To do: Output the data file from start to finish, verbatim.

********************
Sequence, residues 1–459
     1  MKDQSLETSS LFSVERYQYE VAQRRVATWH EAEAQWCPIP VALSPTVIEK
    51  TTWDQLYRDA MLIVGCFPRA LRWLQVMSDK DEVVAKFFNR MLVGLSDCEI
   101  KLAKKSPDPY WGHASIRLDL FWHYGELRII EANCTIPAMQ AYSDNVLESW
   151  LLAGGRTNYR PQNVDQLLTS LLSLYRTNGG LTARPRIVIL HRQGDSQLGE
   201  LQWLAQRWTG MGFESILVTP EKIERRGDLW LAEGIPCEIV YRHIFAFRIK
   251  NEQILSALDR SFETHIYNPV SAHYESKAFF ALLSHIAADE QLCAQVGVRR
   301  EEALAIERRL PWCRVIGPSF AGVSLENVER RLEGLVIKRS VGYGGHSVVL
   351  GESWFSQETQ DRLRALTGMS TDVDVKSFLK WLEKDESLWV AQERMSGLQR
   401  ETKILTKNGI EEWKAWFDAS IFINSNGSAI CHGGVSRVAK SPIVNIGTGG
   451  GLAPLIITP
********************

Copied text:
Sequence, residues 1–459
     1  MKDQSLETSS LFSVERYQYE VAQRRVATWH EAEAQWCPIP VALSPTVIEK
    51  TTWDQLYRDA MLIVGCFPRA LRWLQVMSDK DEVVAKFFNR MLVGLSDCEI
   101  KLAKKSPDPY WGHASIRLDL FWHYGELRII EANCTIPAMQ AYSDNVLESW
   151  LLAGGRTNYR PQNVDQLLTS LLSLYRTNGG LTARPRIVIL HRQGDSQLGE
   201  LQWLAQRWTG MGFESILVTP EKIERRGDLW LAEGIPCEIV YRHIFAFRIK
   251  NEQILSALDR SFETHIYNPV SAHYESKAFF ALLSHIAADE QLCAQVGVRR
   301  EEALAIERRL PWCRVIGPSF AGVSLENVER RLEGLVIKRS VGYGGHSVVL
   351  GESWFSQETQ DRLRALTGMS TDVDVKSFLK WLEKDESLWV AQERMSGLQR
   401  ETKILTKNGI EEWKAWFDAS IFINSNGSAI CHGGVSRVAK SPIVNIGTGG
   451  GLAPLIITP